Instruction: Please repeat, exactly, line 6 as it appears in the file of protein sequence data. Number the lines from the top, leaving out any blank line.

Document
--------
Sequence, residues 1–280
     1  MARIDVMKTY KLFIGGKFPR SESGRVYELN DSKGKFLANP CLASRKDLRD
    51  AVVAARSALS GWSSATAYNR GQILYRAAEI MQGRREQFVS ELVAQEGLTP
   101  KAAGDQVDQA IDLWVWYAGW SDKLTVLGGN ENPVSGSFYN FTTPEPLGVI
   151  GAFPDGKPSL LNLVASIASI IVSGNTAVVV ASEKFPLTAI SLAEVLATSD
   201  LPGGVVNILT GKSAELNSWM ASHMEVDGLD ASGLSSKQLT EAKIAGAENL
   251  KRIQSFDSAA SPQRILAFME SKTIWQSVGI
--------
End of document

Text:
   201  LPGGVVNILT GKSAELNSWM ASHMEVDGLD ASGLSSKQLT EAKIAGAENL